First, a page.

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Does U.S. law generally require immigrants to speak, read, and write in English in order to become citizens of the United States?

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Federal law requires immigrants to "demonstrate an understanding of the English language, including an ability to read, write, and speak words in ordinary usage" to become a U.S. citizen. However, the law has exceptions for people with disabilities and those who are over certain ages and have lawfully resided in the U.S. for certain lengths of time. Also, the Inspector General of the U.S. Department of Justice found that the Clinton administration "did not properly enforce the English-language requirement" when awarding citizenship to immigrants. Because communication is essential to productivity, a failure to learn English limits earning power and makes people more reliant on welfare. Recent immigrants have made significantly less progress in learning to speak English and increasing their incomes than earlier generations of immigrants.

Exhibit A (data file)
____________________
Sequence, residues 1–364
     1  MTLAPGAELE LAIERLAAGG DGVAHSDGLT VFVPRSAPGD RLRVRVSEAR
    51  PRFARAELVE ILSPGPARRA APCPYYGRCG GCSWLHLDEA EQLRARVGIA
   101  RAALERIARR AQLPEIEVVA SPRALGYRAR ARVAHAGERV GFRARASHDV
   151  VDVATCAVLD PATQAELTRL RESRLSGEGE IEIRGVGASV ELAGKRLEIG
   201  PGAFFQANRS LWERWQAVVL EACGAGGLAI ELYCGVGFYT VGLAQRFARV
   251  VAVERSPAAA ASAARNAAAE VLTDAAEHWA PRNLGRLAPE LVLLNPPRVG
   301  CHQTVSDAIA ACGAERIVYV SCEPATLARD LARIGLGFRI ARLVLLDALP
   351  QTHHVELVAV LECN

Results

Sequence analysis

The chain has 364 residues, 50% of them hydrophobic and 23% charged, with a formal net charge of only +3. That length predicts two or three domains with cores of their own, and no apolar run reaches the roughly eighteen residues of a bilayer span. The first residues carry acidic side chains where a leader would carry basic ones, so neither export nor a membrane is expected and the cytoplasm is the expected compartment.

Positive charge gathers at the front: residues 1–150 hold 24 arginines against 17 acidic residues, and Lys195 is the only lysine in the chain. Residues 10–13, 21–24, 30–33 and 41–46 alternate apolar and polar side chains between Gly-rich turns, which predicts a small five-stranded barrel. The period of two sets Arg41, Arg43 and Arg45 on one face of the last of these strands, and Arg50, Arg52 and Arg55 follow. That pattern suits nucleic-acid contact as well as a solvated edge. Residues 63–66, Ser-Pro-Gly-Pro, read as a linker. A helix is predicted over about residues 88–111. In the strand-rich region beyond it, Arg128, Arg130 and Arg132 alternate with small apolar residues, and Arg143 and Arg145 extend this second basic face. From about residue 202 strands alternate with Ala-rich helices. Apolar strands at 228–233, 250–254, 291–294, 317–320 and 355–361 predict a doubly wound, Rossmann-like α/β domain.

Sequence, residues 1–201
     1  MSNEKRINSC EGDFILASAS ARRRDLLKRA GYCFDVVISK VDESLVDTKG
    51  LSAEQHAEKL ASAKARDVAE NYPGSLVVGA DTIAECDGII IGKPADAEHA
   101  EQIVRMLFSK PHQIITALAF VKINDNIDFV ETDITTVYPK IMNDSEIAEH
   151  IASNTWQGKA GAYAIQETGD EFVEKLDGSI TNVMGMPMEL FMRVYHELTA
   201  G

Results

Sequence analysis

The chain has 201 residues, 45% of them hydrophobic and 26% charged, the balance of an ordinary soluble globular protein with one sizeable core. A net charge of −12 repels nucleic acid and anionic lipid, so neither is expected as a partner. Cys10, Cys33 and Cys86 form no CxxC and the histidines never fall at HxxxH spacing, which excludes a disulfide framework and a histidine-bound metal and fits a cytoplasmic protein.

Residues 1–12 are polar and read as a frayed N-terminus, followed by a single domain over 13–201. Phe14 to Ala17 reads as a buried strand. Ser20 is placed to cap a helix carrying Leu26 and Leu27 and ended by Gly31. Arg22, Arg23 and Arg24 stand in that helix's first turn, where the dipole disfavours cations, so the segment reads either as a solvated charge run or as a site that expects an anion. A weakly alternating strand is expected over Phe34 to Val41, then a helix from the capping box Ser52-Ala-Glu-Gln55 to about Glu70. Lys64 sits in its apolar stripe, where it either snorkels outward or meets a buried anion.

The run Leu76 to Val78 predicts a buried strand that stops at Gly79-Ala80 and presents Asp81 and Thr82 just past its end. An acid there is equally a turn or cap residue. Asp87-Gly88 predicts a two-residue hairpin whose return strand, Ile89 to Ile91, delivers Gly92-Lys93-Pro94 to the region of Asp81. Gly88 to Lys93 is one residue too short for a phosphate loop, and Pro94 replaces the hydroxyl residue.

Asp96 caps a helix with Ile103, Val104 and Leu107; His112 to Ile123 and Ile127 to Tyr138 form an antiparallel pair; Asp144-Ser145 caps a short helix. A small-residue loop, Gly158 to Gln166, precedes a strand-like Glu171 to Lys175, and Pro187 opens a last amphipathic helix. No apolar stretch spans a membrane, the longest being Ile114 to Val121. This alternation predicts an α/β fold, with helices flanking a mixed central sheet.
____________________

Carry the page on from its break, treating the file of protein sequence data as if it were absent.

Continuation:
DocumentationFederal Law1986 Amnesty FalloutEconomics of Immigration

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